Investigation Continues After First Anniversary of BP Blast

A year after the worst U.S. refinery accident in more than a decade, and as survivors and families of the 15 victims that perished in the BP Texas City refinery blast continue to mourn the loss of their loved ones, several government agencies continue in full pursuit to investigate the disaster.

One of them, the Chemical Safety and Hazard Investigation Board (CSB), expects to issue its final report on the accident, including a determination of root causes and new safety recommendations, at a public meeting in Texas City in late 2006.

"At CSB, we have not moved on to other things; the accident 1 year ago remains a central focus of our daily work," said CSB Chairman Carolyn Merritt. "This solemn anniversary reminds us all of the need to prevent such accidents from happening anywhere else through positive change."

The CSB investigative team has conducted more than 350 witness interviews, collected tens of thousands of documents and expended almost $2 million in the costliest and most complex investigation in the agency's 8-year history.

OSHA, EPA Courses of Action

OSHA in September levied a $21.4 million fine against BP and issued more than 300 willful violations. Many of them focused on the lack of maintenance and safety management guidelines at the refinery. According to an OSHA spokesperson, the violations were so extensive that the agency referred the case to the Department of Justice. Officials from the Justice Department have refused to comment on the case.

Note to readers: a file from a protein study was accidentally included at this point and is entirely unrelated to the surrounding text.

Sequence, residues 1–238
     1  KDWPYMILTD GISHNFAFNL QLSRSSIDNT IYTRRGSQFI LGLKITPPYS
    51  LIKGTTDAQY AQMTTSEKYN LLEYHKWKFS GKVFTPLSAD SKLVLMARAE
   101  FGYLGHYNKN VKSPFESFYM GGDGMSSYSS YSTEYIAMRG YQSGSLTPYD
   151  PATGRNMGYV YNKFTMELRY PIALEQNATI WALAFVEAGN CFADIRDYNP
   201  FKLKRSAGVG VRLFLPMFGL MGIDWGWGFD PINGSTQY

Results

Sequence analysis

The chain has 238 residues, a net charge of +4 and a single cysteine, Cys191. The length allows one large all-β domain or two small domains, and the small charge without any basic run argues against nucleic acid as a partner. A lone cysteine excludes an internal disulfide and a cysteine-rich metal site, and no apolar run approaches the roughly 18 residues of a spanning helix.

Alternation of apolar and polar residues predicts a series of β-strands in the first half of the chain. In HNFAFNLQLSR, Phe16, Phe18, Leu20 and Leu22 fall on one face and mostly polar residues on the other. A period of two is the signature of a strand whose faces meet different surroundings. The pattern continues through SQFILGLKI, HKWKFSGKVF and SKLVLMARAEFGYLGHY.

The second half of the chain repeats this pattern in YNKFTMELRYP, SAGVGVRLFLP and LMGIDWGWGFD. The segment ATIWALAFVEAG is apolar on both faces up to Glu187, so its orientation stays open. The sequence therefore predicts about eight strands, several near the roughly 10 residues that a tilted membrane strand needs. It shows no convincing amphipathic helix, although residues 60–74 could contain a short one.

Meanwhile, the Environmental Protection Agency also is investigating the incident for possible civil action.

In addition to the fines imposed by OSHA, BP, one of the world's largest oil and gas companies, faces victims' lawsuits, as some reports have suggested that a lack of effective management played a role in the explosion.

The accident occurred during the startup of the isomerization unit, when a distillation tower was overfilled, flooding a nearby blowdown drum with flammable liquid. The resulting geyser-like release from an atmospheric vent stack led to a series of explosions that killed and injured workers in nearby trailers.

CSB Findings

CSB issued an extensive set of preliminary findings about the accident at a public meeting on Oct. 28 in Texas City. The reports said part of the unit that relieves pressure was not hooked up to a flare that burns off vapor and could have prevented or minimized the accident and also found that BP fostered bad management at the plant and failed to fix problems.

CSB also said workers' trailers were too close to the unit, and asked the petrochemical industry to rethink the location of trailers in refineries.

Recently, CSB retained an expert in human factors safety to assist in the investigation. On Nov. 10, CSB noted that some operators involved in the startup operation had been working long hours for more than 30 consecutive days, and that training resources had been reduced between 1998 and 2005, even as workload increased for the control board operator position. The CSB team also has been studying how widespread is the use of blowdown drums instead of flare systems for handling hydrocarbon releases at oil refineries.

CSB commended the way BP made changes to recognize potential hazards and for naming former U.S. Secretary of State James Baker to head an 11-member panel in October. Since then, the panel has conducted three public hearings at BP refinery locations.

"We commend BP for committing to remove antiquated blowdown drums from all its U.S. refineries and for developing an improved siting policy for trailers," Merrit said. "These measures will contribute to improved safety at the Texas City refinery and other locations, and I urge all oil and chemical companies to consider similar actions, if they have not already done so."

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